In a ma’amar in Torah Ohr on Parashas Vayigash, titled “Vayigash eilav Yehuda,” the Ba’al HaTanya describes the notion of an inverted signet or stamp, which ultimately says that the things which in this world seem the furthest and most unrelated to G‑d and spirituality originate in the most sublime sources. He arrives at this conclusion based on a fundamental question regarding the four levels of creation—inanimate matter, plant life, animal life, and human beings—which we have always perceived laid out in ascending order. The question, however, is, if inanimate matter is the lowest in the hierarchy of creative matter and plant life is above it, how do you explain the fact that plant life originates within the ground and sprouts up from within it?
He explained this based on the principle of “That which is last in creation is first in thought.” This means that the lowly earth, which from our perspective seems furthest removed from G‑dliness, was closest to Hashem’s mind at the time of creation.
Moving ahead to this week’s parashah, Vayechi, there is a series of questions on the opening verse, namely why the Torah singles out the 17 years that Yaakov lived in Egypt. How is it that the Torah describes his remaining 17 years as “living” when Egypt was the most depraved society on earth and he had previously lived in Eretz Yisrael? And lastly, why in recording Yaakov’s age prior to his passing does it state the lowest number first and distinguish it from the larger digits, which the Torah did not do by Avraham and Yitzchak?
Since G‑d created this world seeking a dwelling place for His glory in the lowest space, it is our job to redeem the sparks of holiness in those spaces in order to allow the Shechinah to dwell there. If in so doing we are fulfilling the will of G‑d, then that is the definition of living, which explains the Torah’s use of the term “Vayechi.” This, too, is why the Torah highlights the number seven, distinguishing it from the higher 140 years, since the number seven refers to the seven lower middos of chesed through malchus, which require a process of refinement—which is tied to our objective in being created in the first place.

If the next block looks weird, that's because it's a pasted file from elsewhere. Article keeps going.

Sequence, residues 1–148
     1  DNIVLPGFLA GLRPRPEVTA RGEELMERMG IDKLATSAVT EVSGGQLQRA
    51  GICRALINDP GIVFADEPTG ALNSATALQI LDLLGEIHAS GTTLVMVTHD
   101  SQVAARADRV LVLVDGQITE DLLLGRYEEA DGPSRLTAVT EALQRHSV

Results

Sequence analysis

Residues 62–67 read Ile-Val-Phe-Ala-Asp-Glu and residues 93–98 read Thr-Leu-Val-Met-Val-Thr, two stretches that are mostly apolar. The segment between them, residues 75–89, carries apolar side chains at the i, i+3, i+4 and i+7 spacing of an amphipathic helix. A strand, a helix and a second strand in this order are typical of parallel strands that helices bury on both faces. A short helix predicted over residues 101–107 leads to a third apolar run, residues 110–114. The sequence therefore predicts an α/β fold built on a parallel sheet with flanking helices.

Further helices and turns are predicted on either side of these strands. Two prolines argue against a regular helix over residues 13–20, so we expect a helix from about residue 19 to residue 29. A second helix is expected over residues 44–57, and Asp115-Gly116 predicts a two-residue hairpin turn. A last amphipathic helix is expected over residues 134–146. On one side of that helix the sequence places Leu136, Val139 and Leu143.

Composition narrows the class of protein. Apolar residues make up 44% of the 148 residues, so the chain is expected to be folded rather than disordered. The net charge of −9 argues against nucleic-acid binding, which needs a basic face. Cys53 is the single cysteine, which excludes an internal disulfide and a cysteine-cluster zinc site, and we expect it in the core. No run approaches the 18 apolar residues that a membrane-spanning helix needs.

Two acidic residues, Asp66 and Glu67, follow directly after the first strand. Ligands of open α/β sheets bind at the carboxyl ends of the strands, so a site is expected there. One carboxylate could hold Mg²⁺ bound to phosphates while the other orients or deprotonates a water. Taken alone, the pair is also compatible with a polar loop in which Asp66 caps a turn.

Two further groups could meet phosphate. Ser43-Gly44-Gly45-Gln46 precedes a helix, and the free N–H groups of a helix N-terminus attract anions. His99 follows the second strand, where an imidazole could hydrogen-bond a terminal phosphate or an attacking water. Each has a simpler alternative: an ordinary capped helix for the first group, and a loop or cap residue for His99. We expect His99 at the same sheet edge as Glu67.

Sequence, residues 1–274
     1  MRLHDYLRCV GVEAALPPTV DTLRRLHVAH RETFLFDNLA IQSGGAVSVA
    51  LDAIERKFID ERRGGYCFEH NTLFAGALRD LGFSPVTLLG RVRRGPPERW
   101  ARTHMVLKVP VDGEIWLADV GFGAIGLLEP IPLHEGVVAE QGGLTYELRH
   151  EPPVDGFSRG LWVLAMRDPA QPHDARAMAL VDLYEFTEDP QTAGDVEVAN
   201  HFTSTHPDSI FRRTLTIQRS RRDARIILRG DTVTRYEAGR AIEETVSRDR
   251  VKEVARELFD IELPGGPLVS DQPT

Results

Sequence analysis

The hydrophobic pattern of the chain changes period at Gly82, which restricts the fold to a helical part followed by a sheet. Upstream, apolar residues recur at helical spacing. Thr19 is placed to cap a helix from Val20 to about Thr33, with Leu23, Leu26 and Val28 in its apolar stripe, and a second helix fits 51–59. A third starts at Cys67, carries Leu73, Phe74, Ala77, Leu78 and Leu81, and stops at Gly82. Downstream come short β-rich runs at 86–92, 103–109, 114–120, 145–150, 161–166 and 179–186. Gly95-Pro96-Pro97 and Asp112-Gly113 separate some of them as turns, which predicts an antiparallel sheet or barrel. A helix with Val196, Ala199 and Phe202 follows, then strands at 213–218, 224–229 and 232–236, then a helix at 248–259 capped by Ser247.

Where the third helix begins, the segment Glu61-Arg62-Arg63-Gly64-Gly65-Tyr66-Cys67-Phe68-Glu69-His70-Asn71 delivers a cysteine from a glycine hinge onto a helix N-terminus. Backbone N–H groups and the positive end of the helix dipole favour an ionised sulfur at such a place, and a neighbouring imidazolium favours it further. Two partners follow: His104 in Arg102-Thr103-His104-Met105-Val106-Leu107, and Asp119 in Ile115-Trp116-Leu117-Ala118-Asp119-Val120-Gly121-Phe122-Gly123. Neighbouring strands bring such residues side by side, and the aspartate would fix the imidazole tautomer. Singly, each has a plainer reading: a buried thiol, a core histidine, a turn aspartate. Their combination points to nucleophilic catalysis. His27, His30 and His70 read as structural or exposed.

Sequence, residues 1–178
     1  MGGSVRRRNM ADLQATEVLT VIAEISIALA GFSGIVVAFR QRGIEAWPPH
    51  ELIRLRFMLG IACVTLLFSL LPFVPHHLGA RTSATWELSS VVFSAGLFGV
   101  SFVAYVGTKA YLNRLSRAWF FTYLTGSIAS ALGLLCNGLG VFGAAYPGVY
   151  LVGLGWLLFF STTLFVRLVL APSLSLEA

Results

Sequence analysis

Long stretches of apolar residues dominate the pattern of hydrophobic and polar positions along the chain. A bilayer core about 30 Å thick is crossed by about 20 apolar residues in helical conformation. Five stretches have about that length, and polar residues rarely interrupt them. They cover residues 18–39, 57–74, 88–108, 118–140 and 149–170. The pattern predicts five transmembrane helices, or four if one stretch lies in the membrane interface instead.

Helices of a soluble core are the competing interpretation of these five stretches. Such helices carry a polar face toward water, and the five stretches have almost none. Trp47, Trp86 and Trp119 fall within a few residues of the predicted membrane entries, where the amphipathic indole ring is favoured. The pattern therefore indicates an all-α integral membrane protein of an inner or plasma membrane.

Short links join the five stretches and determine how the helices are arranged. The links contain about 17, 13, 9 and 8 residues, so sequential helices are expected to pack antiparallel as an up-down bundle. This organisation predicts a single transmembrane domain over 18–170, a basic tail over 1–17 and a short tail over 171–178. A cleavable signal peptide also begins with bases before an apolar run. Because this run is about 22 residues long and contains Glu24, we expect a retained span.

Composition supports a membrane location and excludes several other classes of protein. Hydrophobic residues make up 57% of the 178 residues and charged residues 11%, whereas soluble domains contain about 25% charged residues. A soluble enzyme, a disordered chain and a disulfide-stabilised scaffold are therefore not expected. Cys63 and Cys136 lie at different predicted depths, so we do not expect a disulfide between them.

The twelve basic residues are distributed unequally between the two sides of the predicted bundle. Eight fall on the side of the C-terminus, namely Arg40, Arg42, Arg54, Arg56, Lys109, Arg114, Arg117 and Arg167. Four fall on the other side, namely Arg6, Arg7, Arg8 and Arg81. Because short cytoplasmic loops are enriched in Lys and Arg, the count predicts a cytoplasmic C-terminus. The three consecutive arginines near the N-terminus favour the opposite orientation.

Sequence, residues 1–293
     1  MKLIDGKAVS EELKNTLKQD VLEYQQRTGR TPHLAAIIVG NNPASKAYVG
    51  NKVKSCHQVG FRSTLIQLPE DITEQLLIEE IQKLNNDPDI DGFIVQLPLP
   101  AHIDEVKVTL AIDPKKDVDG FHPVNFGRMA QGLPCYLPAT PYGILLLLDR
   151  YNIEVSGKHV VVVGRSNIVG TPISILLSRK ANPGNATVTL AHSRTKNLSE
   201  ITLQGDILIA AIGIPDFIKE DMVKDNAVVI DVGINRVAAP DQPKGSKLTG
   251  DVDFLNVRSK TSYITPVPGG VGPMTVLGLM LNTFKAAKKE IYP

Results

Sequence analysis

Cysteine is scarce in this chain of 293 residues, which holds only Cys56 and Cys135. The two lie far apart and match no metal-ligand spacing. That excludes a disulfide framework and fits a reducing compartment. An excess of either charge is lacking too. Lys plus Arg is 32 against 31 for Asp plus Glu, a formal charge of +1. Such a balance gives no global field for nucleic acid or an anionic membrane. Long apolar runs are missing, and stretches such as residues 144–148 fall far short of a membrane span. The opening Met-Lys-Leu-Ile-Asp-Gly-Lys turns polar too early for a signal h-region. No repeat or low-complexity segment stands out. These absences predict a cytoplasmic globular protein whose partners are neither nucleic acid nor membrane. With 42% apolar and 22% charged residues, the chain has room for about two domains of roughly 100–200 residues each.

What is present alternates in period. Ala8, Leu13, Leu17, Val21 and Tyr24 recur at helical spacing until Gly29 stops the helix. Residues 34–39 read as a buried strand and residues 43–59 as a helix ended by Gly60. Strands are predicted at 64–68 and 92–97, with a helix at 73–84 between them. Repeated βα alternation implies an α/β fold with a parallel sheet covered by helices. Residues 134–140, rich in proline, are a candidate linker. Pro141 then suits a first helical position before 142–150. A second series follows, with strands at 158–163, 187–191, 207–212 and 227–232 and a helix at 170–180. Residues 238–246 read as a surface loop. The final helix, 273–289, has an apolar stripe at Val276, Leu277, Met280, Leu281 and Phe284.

The Torah commands us to make a Mishkan inside ourselves for G‑d to dwell in. One of the main building materials in the construction of the physical Mishkan was cedar wood or, in Hebrew, atzei shittim. Interestingly, the etymology of the word shittim is similar to that of the word shtus, meaning folly. The implication of this is to impart the message that many things which seem challenging are not necessarily evil. To the contrary, the greater the inherent challenge, the greater indication there is of its upside. What we need to do is use those things to add light to the world, while the world at large uses them to disseminate darkness.
This was the objective of the Lubavitcher Rebbe, zy’a, who 40 years ago urged his chassidim to teach Torah on the radio airwaves, to televise farbrengens and the public menorah lightings and Chanukah festivities—all to refine the lowest elements within society, which he understood possessed the most powerful sparks of holiness. Today his shluchim continue in his footsteps, harnessing the power of technology to bring Jews together and ultimately back to their Father in heaven.
It appears that part of the problem that many in the Jewish world have had in coming to terms with technology and being disciplined in its constructive use is the fact that it has been presented as a pitfall. Aside from being a destructive outlook, this is in a sense heretical. If we start seeing ourselves within the Divine plan and everything within creation as a vehicle for attaining our goals, I think people as a whole will be infused with a sense of purpose. They will be driven by a Divine force and will ultimately bring about a showering of Divine blessing of epic proportions and a fulfillment of G‑d’s purpose in creation.
Yochanan Gordon can be reached at email@example.com.